David Cutcliffe has made Duke a viable competitor. The Blue Devils had the fourth most wins 2012-14 (behind Florida State, Clemson and Tech). North Carolina is in the driver’s seat to win the division for the first time (at least when not under a postseason ban). At Pittsburgh, Pat Narduzzi looks like he might be able to raise the Panthers’ standards.
The division has been competitive enough, as 6-2 is typically good enough to win it. The perception of the league is that it has been wide open, which is not entirely the case. Since the ACC split into two divisions in 2006, Georgia Tech or Virginia Tech has been the division champion all but one year. It would appear the landscape is changing, certainly this year and perhaps going forward.
Let’s say Virginia Tech lands Rich Rodriguez, who worked with Babcock at West Virginia (though there’s about 6 million reasons why that may not happen) and that the Miami hire is able to restore the Hurricanes into a top-25 team. And Virginia makes a hire who can turn the Cavaliers into a team that consistently hits .500 in the league. And Duke proves a team capable of winning 4-5 games a year. And Pittsburgh under Narduzzi becomes more competitive. And Fedora, with Gene Chizik running the defense, maintains at least some of the level of success the Tar Heels are achieving this year.
In the short term, the rebuilds may play to Tech’s advantage. In the long term, it may make the job more difficult. If the hires succeed, it would be a direct challenge to the level of success that Tech has enjoyed with Johnson. It hardly means it can’t continue, but it will likely take more and better – coaching, recruiting, playing – to keep pace. Then again, what are the chances the hires don’t bring about the hope for change?
“Will the next guy meet expectation?” Johnson asked after Golden’s dismissal. “The last three hadn’t. You’d think that sooner or later when you keep replacing ’em, you’d look at what you’re doing.”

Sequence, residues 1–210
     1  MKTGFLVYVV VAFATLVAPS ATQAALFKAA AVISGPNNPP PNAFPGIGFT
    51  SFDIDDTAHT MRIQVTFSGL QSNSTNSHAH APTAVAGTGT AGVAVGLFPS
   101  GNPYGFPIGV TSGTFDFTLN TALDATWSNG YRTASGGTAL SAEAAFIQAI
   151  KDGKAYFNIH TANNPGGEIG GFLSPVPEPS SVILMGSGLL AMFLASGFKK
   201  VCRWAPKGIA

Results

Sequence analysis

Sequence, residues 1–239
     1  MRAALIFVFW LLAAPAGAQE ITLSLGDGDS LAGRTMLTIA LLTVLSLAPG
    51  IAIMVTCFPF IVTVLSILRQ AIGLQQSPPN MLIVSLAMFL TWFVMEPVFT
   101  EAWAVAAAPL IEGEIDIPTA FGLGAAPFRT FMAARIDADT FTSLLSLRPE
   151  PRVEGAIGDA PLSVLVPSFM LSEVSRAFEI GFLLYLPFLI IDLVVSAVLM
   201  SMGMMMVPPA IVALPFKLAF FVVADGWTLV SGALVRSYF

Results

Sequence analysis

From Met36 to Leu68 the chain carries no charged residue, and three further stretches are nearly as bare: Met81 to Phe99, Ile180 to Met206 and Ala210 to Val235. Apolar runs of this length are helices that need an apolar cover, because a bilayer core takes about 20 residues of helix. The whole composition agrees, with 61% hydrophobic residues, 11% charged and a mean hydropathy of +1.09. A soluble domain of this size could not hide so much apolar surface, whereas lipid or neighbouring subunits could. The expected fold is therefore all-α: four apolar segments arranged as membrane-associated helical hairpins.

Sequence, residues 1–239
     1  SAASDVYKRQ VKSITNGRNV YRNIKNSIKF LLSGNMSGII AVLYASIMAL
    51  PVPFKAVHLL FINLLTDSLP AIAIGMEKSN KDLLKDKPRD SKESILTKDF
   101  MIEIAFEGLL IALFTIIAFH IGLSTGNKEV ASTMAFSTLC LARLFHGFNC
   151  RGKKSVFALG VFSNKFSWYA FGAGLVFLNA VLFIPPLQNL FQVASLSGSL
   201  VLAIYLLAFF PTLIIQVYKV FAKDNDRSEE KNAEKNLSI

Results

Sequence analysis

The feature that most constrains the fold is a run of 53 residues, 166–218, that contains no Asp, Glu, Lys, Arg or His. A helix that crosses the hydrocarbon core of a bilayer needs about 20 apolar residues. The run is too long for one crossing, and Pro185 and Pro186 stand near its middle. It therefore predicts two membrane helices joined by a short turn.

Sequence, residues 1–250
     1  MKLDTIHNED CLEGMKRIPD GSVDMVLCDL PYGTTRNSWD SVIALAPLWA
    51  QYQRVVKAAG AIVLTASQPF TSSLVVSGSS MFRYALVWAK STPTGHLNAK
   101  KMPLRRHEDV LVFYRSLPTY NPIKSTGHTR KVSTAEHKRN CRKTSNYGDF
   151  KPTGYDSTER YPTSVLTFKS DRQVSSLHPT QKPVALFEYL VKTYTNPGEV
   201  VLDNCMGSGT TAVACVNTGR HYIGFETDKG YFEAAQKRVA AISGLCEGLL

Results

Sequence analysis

The coaching changes do give greater weight to the opportunity lost this season. It’s not every year that two or possibly three teams in a division change coaches due to underperformance. Tech has yet to play Virginia Tech and Miami, and may well beat them, but has obviously lost the chance to capitalize when two of its biggest nemeses were down.
It hardly means the end of the world for Tech. I remember talking to Johnson last December prior to the Orange Bowl, working on a story about how it appeared that Tech was positioned for continued success in 2015 and beyond. He acknowledged that in a season in which a team plays for the conference title and beats its in-state rival, “then it’s on an upward (trajectory).”
But largely, he wasn’t sure there was much carryover. He pointed out that not many people expected much out of that 2014 team. He repeated one of his favorite insights into his business, that people don’t understand how hard it is to win.
“Who knows who’s going to be good in the Coastal next year?” asked Johnson, once again proving prescient.
Tech will be widely ignored next offseason, but an optimist would point to a talented class of rising sophomores, experience across the offensive skill positions and the hope that quarterback Justin Thomas will regain his 2014 form. There is also the reality that the Jackets were perhaps three plays and one or two injuries away from a much better 2015. (Just as the opposite held true for 2014.)
Regardless, as the Jackets attempt their climb to the top of the Coastal Division in 2016, they may find that the summit is a little higher than it used to be.